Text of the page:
Insurance is not a frequent conversation topic for most people. In its simplest elements, you pay premiums to an insurer, and it pays out the face value of the policy on a death. Premium payments are not generally tax- deductible, but proceeds are received tax-free. A business scenario adds a layer or two of complexity. In addition, you need to consider the cost-effectiveness of premium payments and the tax-efficiency of the proceeds payout for your client.
At a minimum, five questions have to be addressed in any insurance discussion between Advisors, including Accountants and Lawyers:
What purpose does this insurance policy serve? In insurance-speak, the ‘risk’ is that a death occurs, and the ‘peril’ is that some economic damage will result. So, what damages are you protecting against?
What duration is the insurance needed for? Put another way, at what point in time will there no longer be a peril/damage to be concerned with, or will it always be there?
Who should own the insurance? This is who pays the premiums. In a personal situation, you may own on yourself, or spouses on each other, or parents on children – and there can be more variations. For a business, particularly when run through a corporation, there are at least as many considerations, including whether to own from within the business/corporation, or outside in personal hands.
Who should receive the proceeds? In some cases the recipient may be the owner, while in others it may be one or more named beneficiaries. In a business situation (again where a corporation may be involved), there can be many steps involved, requiring coordination with other personal and business documents, including trusts, Wills, corporate resolutions and shareholder agreements.
Finally, what amount of coverage is appropriate? This brings it full circle to the economic exchange you have with the insurer. Having asked and answered the preceding questions, you are now ready to turn to quantification, and affordability.
Doug Carroll is a Tax & Estate Specialist with Aviso Wealth, a national, integrated financial services company serving the wealth management needs of virtually all of Canada’s credit unions, as well as a range of independent financial organizations.
In his role, Doug researches case law, legislation and financial media, in order to prepare support material for financial advisors and their clients. Through published articles, financial industry speaking engagements, public seminars and in-person consultations, he assists advisors and their clients who have complex needs, particularly business owners.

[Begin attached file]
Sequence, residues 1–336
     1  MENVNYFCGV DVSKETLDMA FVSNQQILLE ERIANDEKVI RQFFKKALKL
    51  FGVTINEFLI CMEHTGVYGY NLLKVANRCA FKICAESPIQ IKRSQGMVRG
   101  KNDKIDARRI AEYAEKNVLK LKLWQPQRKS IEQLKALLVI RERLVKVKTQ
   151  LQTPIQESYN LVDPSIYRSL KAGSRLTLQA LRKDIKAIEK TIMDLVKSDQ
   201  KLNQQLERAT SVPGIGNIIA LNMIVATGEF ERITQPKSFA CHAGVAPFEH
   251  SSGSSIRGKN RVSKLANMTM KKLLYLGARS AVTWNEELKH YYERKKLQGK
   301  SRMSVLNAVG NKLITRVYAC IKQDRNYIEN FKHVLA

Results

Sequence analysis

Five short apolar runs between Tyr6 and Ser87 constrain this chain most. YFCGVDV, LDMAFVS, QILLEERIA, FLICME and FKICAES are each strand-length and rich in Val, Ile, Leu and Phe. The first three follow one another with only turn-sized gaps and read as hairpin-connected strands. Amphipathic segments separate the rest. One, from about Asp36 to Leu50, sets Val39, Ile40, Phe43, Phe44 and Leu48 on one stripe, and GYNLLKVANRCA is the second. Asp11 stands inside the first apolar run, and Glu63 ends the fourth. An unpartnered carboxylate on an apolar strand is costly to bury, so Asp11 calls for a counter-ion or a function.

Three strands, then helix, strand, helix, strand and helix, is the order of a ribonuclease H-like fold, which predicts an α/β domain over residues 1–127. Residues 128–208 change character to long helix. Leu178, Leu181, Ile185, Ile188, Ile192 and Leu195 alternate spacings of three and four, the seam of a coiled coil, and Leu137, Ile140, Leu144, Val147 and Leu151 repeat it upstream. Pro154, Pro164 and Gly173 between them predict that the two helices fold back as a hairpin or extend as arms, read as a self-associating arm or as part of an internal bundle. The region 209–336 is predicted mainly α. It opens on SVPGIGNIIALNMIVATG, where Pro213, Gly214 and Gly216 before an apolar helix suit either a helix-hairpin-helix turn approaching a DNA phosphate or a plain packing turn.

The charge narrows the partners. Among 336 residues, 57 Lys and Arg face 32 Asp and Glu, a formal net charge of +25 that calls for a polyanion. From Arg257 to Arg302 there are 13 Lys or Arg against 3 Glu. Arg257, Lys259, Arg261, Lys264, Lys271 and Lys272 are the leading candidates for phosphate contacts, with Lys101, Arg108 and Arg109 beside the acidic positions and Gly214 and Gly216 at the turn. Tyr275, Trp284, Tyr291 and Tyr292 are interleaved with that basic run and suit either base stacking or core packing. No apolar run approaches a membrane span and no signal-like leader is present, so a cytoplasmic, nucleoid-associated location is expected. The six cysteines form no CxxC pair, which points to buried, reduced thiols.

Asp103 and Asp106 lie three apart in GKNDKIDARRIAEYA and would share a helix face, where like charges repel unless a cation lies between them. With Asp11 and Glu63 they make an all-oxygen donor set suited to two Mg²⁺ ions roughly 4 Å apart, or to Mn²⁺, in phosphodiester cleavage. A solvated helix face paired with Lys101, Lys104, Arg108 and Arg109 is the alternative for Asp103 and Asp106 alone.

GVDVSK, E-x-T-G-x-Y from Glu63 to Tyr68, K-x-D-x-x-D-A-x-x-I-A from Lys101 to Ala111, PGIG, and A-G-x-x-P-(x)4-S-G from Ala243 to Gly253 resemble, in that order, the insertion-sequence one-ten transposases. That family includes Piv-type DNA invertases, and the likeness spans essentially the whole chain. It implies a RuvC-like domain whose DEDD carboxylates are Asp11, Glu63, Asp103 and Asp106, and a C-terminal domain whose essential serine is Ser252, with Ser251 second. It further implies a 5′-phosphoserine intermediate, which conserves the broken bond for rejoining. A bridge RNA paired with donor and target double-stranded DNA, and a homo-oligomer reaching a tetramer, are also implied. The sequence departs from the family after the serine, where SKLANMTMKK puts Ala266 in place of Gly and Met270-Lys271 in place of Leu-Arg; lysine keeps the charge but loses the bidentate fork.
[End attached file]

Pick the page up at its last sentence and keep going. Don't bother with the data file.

He has held roles in the life insurance and investment industry at both the supplier and distributor levels. Combined with his hands-on experience running an estate planning law practice, he’s able to offer practical insights in personal wealth matters.
Apart from his legal training, Doug began his working life as a professional conference planner, and has organized and spoken at hundreds of events since the 1980’s on financial planning matters, particularly on tax-informed insurance and investment issues.
He contributes to and has been quoted in financial industry media including Globe & Mail, National Post, Toronto Star, Montreal Gazette, BNN, CTV, Global TV, TVOntario, 680News, Advisor.ca, Advisor’s Edge Reports, Investment & Insurance Journal, Morningstar, Investment Executive, Advocis Forum, Sirius XM Radio, Daily Hive, & Yahoo Finance.
Doug holds a Bachelor’s degree in business administration (BBA), a juris doctor (JD, the equivalent of LLB), and Master of Laws (LLM) with a specialization in taxation. He is also a Trust and Estate Practitioner (TEP) and a Certified Financial Planner (CFP), and previously sat on the Board of Directors of the Financial Planning Standards Council, the overseeing body for CFP professionals in Canada.
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